Product Manager Cover Letter Examples

Best Product Manager Cover Letter Examples

Published: Monday 15th of May 2017; Words Count: 1000

An engaging cover letter can help you catch the attention of an employer, which can lead to landing an interview for a job. In order to create a document that really works for you, you need to know what content and format to use. Check out our product manager cover letter example and the do and don’t tips as you get ready to build your letter.

  • Do avoid using cliché phrases such as “team player.” Instead, talk about your passion for design software or your history of collaborating with other members of the team to complete projects to make your letter stand out.
  • Don’t be afraid to brag. If you really want to get a job, you need to be able to sell yourself. Sometimes it helps to think of your accomplishments from a coworker’s point of view.
  • Do start with a template if you need a little help. Creating the perfect format can take some trial and error, so a professional-looking template can save you time.
  • Don’t create something that is too formal. While formality can make you seem professional, it can also make you seem hard to approach. Instead, discuss your product manager experience with a little more personality.

Product Manager Advice

Becoming a product manager requires leadership skills, product knowledge, and a memorable and unique cover letter that showcases your expertise and passion for the job. The cover letter examples below are intended to help you create and organize your product manager cover letter. With these cover letter examples as a starting point, you’ll be able to develop a cover letter that hits all the key points employers expect. Take the next step toward your next great product manager job today.

Cover Letter Tips for Product Manager

Whether you’re hoping to find work withas a Product Manager, in the surrounding area or anywhere else in the United States, you will need a solid plan of action to help you stay on track and reach your goal. Consider the following ideas when creating your own plan.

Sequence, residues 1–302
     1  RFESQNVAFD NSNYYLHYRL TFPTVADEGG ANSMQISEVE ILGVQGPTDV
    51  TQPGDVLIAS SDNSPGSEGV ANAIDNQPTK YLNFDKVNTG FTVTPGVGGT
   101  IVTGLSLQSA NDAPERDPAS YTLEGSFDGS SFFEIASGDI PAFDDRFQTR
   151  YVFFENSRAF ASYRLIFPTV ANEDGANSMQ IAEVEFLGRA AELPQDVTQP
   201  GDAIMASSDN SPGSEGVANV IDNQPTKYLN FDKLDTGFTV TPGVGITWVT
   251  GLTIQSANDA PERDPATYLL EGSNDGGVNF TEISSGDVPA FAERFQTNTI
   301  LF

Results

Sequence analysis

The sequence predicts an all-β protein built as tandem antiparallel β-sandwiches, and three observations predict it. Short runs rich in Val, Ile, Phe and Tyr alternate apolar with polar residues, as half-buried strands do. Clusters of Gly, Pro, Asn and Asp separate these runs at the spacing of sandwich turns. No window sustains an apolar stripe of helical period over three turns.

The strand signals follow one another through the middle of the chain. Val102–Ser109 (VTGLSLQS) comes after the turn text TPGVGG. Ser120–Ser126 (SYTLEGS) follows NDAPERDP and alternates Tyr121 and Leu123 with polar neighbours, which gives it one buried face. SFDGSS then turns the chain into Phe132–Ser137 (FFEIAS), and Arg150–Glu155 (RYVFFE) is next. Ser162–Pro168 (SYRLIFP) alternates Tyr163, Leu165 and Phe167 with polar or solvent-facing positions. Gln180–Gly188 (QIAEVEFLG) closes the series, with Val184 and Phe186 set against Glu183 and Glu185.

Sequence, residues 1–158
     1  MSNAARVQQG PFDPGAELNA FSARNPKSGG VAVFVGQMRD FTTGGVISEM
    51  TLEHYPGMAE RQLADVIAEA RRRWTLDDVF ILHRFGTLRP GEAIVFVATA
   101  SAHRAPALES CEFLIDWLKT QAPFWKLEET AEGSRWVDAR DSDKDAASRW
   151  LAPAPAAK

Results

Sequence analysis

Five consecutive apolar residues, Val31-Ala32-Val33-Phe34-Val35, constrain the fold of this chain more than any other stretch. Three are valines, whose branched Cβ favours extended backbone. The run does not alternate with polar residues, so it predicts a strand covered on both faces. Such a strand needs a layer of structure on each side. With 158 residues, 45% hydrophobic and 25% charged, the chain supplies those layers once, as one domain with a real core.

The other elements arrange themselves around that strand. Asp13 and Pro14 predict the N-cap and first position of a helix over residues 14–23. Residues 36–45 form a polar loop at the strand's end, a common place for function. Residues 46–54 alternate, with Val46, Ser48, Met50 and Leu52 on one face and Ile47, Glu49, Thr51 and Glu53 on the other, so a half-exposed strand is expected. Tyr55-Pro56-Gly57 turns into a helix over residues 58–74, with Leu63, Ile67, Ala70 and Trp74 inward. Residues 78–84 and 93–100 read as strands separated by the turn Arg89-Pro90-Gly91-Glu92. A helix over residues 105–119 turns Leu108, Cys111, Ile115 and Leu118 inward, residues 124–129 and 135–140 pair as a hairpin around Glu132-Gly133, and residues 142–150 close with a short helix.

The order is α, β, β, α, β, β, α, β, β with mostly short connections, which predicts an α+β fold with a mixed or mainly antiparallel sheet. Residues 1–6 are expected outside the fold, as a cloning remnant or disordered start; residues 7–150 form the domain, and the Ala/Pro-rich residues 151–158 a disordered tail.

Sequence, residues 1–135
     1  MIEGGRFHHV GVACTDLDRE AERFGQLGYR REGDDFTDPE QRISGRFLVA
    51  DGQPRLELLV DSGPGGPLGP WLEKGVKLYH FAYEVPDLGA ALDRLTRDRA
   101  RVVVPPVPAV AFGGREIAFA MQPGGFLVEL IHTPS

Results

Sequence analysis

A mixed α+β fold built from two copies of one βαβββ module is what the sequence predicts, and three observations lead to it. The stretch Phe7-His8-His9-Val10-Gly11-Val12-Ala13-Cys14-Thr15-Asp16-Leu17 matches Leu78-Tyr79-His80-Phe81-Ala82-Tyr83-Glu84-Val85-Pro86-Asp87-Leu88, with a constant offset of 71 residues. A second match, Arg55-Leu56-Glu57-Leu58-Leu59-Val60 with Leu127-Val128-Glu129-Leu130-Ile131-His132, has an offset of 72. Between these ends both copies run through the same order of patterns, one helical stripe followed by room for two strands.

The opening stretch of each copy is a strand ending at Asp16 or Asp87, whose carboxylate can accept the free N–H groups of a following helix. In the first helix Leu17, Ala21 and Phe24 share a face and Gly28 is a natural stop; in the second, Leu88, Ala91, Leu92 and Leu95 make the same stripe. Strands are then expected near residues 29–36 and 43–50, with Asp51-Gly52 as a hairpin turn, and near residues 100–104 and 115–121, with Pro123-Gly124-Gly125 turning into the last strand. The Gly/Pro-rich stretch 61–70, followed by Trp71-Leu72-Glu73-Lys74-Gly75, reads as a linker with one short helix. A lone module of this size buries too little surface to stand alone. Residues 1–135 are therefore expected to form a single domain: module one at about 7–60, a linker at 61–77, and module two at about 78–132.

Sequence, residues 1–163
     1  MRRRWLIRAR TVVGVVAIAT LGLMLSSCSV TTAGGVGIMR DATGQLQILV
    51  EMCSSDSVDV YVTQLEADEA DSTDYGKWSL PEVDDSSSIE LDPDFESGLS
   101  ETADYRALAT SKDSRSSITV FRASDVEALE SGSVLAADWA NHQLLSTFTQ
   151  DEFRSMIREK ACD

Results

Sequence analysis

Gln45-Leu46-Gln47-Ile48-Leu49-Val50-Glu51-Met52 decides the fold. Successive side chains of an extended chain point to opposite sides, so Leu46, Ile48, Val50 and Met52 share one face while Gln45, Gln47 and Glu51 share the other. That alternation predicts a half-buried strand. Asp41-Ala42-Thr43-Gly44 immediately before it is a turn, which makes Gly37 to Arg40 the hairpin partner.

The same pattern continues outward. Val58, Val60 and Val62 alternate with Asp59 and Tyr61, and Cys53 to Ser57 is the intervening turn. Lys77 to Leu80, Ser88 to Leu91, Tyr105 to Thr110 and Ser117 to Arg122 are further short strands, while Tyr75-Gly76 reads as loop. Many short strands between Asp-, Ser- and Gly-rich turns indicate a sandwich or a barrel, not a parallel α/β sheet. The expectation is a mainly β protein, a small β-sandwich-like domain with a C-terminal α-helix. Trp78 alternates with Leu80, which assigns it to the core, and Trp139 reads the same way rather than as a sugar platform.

1. Get help if you need it. Signing up for unemployment will help ease the financial stress while you look for work. Your local government office may also be able to help you with job leads, cover letter writing and interview tactics.

2. Update your cover letter and ensure it’s written well. Include updated contact information, certifications or licenses and employment history.

3. Consider switching jobs. You could find new jobs within the same industry or find a brand new industry that would benefit from your skills. This is especially beneficial if your current job prospects are few and far between.

4. Go to job fairs and other networking events. Wear professional attire, be friendly and if you can, take a business card along with you. Don’t feel you need to attend only events that are specific to your industry, either.

5. Follow up on your leads, whether that includes calling someone you met at a networking event or calling to check on the status of an application. If you have an interview, be sure to call the interviewer the next day to thank him or her, which shows you’re serious about the position.

Product Manager Job Seeking Tips

Your cover letter is one of the most important aspects of your job search. Use these guidelines to ensure yours is as professional as possible as you search for jobs as a Product Manager.

1. Don’t include irrelevant information. Unless it’s the only experience you have, omit jobs that don’t relate to your current industry. You can also leave off high school information if you’ve already graduated from college.

2. Do include between five and eight bullet points to describe your job duties and responsibilities with every one you list. For the best results, keep each one to a line or less.

3. Don’t use the words “duties and responsibilities,” though. Instead, use strong action words. “Improved,” “collaborated,” “maintained” and “created” are all good examples.

4. Do use the term “experience” instead of “employment” or “job history” as a header. This allows you to include non-paying jobs such as volunteering, internships or apprenticeships.

5. Don’t include too much contact information. The new trend is to be concise. Use your city and state, one phone number, one email address and, if applicable, one website.

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